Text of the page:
• It is worth noting his limited use of female words, only associated with certain jobs: stenotypist, typist, “simple key board punches” operators, and (not specified but probably) file clerk. This seems almost like a repeat of something that happened in Marx’s era: as machines enter the labor space, so do women- but not on equal terms. A further interesting point is that as Wendy Chun (2004) points out, computers in early 20C referred to human operators of the machines, mostly young women; “they were also considered to be better, more conscientious computers, presumably because they were better at repetitious, clerical tasks” (p. 33).
  • Bush was administrator for the wartime U.S. military R&D, which I can’t imagine had no influence on his ideas regarding the inefficiently increasing knowledge. The initial version of internet was funded by the U.S. department of defense. The steam engine came out of an industrial need, like a lot of innovations happening in the tech industry today. Although this might be a rough statement, I feel not too much off target by arguing that a lot of initiative regarding technological change comes from either the military or the industry. What are the implications here? How relevant are the sources of technological changes?
  • Are we better off with the internet? I mean, I love the internet. But more globally, what would be the implications? While there are claims that the hypertext as a system that allows for easier participation in creative activities and dissolves the boundaries between author and reader, it “has the potential … to be a democratic or multicentered system” (Landow, 2006, p. 343), last class we also talked about how some corporations are exploiting that type of collaborative and/or voluntary work that the medium enables us to do. Is the capital intercepting the ‘revolutionary potential’ and use it for profit?
  • Are we any wiser? To be more specific, has our ability to process information caught up with the ever-increasing rate of knowledge production? Or are we being disoriented by the influx of information? In the case of the latter, is it a transitional thing, just as the coach travelers were disoriented by the speed of the railway?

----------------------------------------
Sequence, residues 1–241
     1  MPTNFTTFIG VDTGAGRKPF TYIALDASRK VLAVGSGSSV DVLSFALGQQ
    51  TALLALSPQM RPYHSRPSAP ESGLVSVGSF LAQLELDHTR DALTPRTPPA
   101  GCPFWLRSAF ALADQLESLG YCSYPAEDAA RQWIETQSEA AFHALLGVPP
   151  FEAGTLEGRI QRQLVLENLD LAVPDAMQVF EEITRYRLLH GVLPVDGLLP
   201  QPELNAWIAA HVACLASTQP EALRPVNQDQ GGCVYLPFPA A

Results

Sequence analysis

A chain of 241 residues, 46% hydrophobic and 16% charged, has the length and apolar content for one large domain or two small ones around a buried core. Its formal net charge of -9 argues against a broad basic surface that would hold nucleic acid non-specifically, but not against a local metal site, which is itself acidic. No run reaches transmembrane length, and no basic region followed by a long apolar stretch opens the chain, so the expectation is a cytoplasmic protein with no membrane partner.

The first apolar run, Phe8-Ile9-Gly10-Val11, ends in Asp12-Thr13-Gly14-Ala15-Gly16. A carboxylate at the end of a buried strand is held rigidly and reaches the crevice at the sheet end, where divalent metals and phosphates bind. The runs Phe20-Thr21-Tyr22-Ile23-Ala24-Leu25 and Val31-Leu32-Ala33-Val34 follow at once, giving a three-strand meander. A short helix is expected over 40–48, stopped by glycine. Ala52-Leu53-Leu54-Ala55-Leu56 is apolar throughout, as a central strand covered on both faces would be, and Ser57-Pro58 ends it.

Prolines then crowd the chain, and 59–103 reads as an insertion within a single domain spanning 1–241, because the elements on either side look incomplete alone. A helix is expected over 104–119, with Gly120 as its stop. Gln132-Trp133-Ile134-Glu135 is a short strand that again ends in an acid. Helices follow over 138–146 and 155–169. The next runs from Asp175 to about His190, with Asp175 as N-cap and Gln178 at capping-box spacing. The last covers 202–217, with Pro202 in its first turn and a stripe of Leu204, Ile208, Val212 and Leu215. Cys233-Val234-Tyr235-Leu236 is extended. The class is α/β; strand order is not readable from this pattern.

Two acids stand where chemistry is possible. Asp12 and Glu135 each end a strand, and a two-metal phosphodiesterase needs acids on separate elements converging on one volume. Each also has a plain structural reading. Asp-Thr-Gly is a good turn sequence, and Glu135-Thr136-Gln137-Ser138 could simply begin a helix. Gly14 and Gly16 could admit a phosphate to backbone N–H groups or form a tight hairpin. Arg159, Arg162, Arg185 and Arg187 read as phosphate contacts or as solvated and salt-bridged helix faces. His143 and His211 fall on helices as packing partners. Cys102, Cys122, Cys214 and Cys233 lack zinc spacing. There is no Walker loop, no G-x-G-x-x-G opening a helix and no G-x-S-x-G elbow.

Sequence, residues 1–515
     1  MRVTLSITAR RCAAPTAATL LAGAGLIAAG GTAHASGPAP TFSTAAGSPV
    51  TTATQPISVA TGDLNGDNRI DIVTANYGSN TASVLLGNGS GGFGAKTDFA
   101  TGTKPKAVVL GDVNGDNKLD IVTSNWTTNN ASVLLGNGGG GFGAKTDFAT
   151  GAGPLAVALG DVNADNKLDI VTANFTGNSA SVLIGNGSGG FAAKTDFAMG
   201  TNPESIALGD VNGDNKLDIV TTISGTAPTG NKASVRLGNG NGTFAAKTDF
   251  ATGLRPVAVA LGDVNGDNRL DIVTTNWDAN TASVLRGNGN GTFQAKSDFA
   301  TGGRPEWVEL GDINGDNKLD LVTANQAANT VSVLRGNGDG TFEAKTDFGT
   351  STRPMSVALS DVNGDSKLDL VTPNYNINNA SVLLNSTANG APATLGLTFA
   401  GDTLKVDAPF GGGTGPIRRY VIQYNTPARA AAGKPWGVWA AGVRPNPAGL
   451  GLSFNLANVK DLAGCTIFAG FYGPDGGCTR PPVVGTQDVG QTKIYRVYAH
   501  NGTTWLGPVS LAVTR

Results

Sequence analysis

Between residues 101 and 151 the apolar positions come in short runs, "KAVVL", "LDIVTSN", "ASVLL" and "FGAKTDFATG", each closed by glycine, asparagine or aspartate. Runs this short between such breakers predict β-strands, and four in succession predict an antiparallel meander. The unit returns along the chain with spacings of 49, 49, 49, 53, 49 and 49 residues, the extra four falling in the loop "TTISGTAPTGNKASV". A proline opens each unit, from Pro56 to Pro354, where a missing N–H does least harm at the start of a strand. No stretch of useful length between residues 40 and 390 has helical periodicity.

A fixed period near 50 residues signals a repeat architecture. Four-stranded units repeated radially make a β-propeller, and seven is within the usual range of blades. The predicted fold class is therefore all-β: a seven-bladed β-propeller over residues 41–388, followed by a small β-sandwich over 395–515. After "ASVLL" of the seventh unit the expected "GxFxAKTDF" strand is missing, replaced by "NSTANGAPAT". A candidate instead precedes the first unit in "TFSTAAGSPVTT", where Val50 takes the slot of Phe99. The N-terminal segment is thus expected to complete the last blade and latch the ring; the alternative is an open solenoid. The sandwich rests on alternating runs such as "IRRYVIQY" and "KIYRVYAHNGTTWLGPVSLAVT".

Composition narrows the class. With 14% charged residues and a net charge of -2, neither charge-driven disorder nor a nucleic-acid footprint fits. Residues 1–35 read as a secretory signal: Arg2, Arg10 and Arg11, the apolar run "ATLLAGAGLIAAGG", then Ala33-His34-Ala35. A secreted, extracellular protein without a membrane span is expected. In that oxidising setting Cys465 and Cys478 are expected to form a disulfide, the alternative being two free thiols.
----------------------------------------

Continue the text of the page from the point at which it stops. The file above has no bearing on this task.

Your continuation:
Also, this video featuring Douglas Engelbart, who was inspired by Bush, might be interesting to watch alongside the article. It is perhaps most famous for the use of a computer mouse, but it also introduces important features of computers that now seem so natural, including the hypertext.


Bush, V. (1945, July). As We May Think. The Atlantic. Retrieved from

Chun, W. H. K. (2004). On software, or the persistence of visual knowledge. Grey Room, 18, 26–51.

Hughes, T. P. (2005). Human-Built World: How to Think about Technology and Culture. University of Chicago Press.

Landow, G. P. (2006). Hypertext 3.0: Critical Theory and New Media in an Era of Globalization. JHU Press.

5 thoughts on “As We May Think

  1. Joe Melendez

    “has our ability to process information caught up with the ever-increasing rate of knowledge production?”

    I would say no since an underlying product of scientific research is always more questions. Also we need to account for the scale of the universe, both at the quantum and cosmic scales. There is so much data and information for us to still collect and analyze that our computer scientists will be well employed until they are replaced by machines better than them.

    1. tperson

      I agree, that there is at this point so much data that we are bombarded with in a 24 hour period. The overwhelming consensus from the perspective of both health and psychology is that we have become a society that is more stressed and depressed than functional.
      I think that only time will tell whether or not we will evolve to keep pace with the increasing demands that so much input places on our ability to process. For now I think we are in a bind of our own making.

  2. Teresa Ober